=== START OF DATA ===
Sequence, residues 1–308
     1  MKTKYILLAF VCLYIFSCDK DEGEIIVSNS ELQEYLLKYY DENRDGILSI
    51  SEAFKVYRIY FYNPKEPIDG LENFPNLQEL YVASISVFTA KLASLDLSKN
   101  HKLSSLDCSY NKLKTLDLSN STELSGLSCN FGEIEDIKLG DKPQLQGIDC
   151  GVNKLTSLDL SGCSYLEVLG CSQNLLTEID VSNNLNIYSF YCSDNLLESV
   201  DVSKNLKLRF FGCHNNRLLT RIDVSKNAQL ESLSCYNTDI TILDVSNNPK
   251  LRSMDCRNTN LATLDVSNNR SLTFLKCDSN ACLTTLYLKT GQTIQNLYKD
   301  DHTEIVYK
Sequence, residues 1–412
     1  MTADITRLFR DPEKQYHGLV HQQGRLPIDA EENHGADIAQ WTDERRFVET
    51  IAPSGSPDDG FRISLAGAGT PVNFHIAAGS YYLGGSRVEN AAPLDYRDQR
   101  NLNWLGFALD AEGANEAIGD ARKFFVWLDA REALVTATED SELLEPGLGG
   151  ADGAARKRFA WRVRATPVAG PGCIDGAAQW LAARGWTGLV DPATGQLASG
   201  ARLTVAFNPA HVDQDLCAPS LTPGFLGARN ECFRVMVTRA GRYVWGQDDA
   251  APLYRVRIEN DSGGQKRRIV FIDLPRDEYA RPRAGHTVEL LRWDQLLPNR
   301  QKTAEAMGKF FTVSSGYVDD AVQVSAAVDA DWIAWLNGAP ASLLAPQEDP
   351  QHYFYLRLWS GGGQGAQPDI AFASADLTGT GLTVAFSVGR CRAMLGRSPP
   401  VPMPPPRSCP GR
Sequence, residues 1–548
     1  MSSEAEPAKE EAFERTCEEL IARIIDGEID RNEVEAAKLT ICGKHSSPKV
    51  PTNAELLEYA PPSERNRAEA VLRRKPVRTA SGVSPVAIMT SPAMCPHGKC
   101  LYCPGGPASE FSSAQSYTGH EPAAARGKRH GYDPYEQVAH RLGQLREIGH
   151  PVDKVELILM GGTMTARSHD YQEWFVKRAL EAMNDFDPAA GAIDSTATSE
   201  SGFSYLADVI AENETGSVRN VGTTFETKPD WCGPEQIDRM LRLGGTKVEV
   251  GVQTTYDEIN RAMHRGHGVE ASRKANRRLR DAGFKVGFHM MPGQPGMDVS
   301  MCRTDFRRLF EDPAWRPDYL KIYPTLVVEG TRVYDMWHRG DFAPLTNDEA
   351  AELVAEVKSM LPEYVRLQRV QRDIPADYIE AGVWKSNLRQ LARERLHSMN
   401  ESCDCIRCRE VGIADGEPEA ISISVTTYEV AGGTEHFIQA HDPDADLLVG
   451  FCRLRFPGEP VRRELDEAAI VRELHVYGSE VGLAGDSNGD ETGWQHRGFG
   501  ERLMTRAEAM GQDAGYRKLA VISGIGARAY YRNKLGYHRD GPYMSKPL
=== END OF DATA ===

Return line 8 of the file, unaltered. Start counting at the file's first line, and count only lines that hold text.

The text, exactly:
   301  DHTEIVYK